As I read on I put that idea aside and saw the book as a poorly constructed rant against the people in small-town Ohio, who the author sees a being driven insane by truths that have turned sour by being held on to too tightly. The author's voice is so all persuasive that his agenda and passions shine more brightly than any of the characters in the book.

To me, this book can serve only two purposes: as an historical artefact to show how far the American Novel has evolved, or as an instrument of torture to be used to turn Highschool kids off the idea of reading to themselves.

I can imagine essays being written about the emergence of post-rural America and the shifts in mores as small towns forsake their frontier history and try to embrace the modern. It's all there but it's not all good.

It seems to me that Sherwood Anderson is a polemicist with no real talent for storytelling.

 This is a great example of a book that is a classic because it's a hundred years old and has been kept in print by the school curriculum long after it has lost any popular appeal.
Writers varying from Henry Miller to John Steinbeck to Ernest Hemingway all highly praised this book. They weren't wrong. The stories are sincere and cut deep into the feelings of loneliness and obscurity. The character portrayals are fantastic, and the strange things that happen in the stories are entirely believable once Anderson takes you inside the thoughts that cause these strange events. Read this book at some point.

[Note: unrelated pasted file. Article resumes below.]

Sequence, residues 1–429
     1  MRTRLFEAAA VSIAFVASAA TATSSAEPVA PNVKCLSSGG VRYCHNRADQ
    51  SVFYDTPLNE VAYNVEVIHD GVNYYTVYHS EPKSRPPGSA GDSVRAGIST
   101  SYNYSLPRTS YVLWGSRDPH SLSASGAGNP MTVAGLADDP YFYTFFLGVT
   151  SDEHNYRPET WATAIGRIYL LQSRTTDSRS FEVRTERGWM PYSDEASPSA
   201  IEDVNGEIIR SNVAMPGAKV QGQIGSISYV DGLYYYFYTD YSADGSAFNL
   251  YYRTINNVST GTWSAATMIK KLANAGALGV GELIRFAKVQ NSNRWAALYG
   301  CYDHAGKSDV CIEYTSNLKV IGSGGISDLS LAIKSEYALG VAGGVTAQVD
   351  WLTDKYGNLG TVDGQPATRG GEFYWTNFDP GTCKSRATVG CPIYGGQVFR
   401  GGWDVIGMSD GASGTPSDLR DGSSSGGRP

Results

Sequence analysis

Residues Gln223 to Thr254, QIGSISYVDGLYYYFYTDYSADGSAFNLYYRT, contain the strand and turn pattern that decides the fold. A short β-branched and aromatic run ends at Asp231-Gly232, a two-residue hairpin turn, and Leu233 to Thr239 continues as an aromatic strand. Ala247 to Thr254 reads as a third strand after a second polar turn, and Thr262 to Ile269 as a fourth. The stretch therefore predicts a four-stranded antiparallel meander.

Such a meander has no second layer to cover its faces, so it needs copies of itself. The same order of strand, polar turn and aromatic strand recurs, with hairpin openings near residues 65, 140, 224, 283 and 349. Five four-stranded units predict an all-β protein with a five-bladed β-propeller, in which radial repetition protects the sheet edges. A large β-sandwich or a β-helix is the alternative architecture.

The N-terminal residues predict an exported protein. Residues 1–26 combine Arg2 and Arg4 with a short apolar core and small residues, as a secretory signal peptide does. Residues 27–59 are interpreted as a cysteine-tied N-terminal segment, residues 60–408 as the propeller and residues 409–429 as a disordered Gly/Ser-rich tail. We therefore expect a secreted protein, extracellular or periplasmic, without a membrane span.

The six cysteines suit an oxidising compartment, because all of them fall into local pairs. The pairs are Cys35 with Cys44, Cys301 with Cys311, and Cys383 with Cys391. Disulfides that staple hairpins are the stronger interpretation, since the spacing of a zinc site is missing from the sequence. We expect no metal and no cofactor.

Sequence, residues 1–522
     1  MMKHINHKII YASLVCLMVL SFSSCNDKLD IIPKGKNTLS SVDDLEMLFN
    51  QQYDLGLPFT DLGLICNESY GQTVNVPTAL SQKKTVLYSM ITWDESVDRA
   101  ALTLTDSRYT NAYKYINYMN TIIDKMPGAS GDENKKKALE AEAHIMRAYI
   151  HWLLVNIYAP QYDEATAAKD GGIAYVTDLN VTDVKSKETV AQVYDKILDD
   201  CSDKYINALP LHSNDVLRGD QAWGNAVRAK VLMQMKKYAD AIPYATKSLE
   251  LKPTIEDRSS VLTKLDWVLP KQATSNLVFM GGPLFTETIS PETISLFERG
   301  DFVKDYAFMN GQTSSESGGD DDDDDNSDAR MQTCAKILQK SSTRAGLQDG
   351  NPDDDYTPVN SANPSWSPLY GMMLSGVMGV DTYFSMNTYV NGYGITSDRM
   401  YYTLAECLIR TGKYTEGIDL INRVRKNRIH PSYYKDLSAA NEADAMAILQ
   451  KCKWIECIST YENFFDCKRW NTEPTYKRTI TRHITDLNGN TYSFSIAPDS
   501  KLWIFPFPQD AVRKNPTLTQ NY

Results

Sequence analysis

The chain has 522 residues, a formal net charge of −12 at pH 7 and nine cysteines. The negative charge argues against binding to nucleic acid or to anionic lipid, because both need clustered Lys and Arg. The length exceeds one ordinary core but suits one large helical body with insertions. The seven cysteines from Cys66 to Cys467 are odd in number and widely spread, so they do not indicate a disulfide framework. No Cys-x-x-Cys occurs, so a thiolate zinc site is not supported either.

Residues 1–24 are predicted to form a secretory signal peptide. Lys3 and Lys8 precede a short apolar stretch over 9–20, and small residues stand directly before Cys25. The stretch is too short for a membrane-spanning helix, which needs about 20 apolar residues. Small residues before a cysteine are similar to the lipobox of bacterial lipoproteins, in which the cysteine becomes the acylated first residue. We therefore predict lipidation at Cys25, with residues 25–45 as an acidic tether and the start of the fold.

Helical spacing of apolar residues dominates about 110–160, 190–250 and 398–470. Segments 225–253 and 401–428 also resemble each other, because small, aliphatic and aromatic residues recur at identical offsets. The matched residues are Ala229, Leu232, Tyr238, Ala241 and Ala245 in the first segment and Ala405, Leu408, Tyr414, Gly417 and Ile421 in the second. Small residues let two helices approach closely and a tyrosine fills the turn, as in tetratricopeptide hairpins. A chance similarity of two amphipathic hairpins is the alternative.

The stories are character driven, but the town of Winesburg is also a character. Some readers may miss this fact about certain books, think of Peyton Place.. it wasn't just the people who were characters but the place they lived was an entity too. Whenever a setting is larger than life and takes on its own personality, it too becomes a character, Sherwood Forest, Dracula's castle, the 1888 London of Jack the Ripper, the Land of Oz, the list is endless.
Winesburg is a small town in Ohio, where the people are 'grotesques' as a certain old man called the other people in town. They all have their personal demons, they are flawed, imperfect and troubled. Could be said the town is the healthiest character in the book.
This book by Sherwood Anderson is said to have influenced other writers and helped them to be better writers. It was also noted, in later years Sherwood tried to continue writing with the kind of style he had used in Winesburg, Ohio, but failed; and critics, editors, readers were disappointed; he'd lost touch with the inner demon muse who assisted him into tapping in on the eccentricities.
Winesburg, Ohio ebook
George Guidall,Sherwood Anderson
Short Stories & Anthologies
EPUB size:
1190 kb
FB2 size:
1158 kb
DJVU size:
1988 kb
Recorded Books, Inc.; Unabridged edition (1995)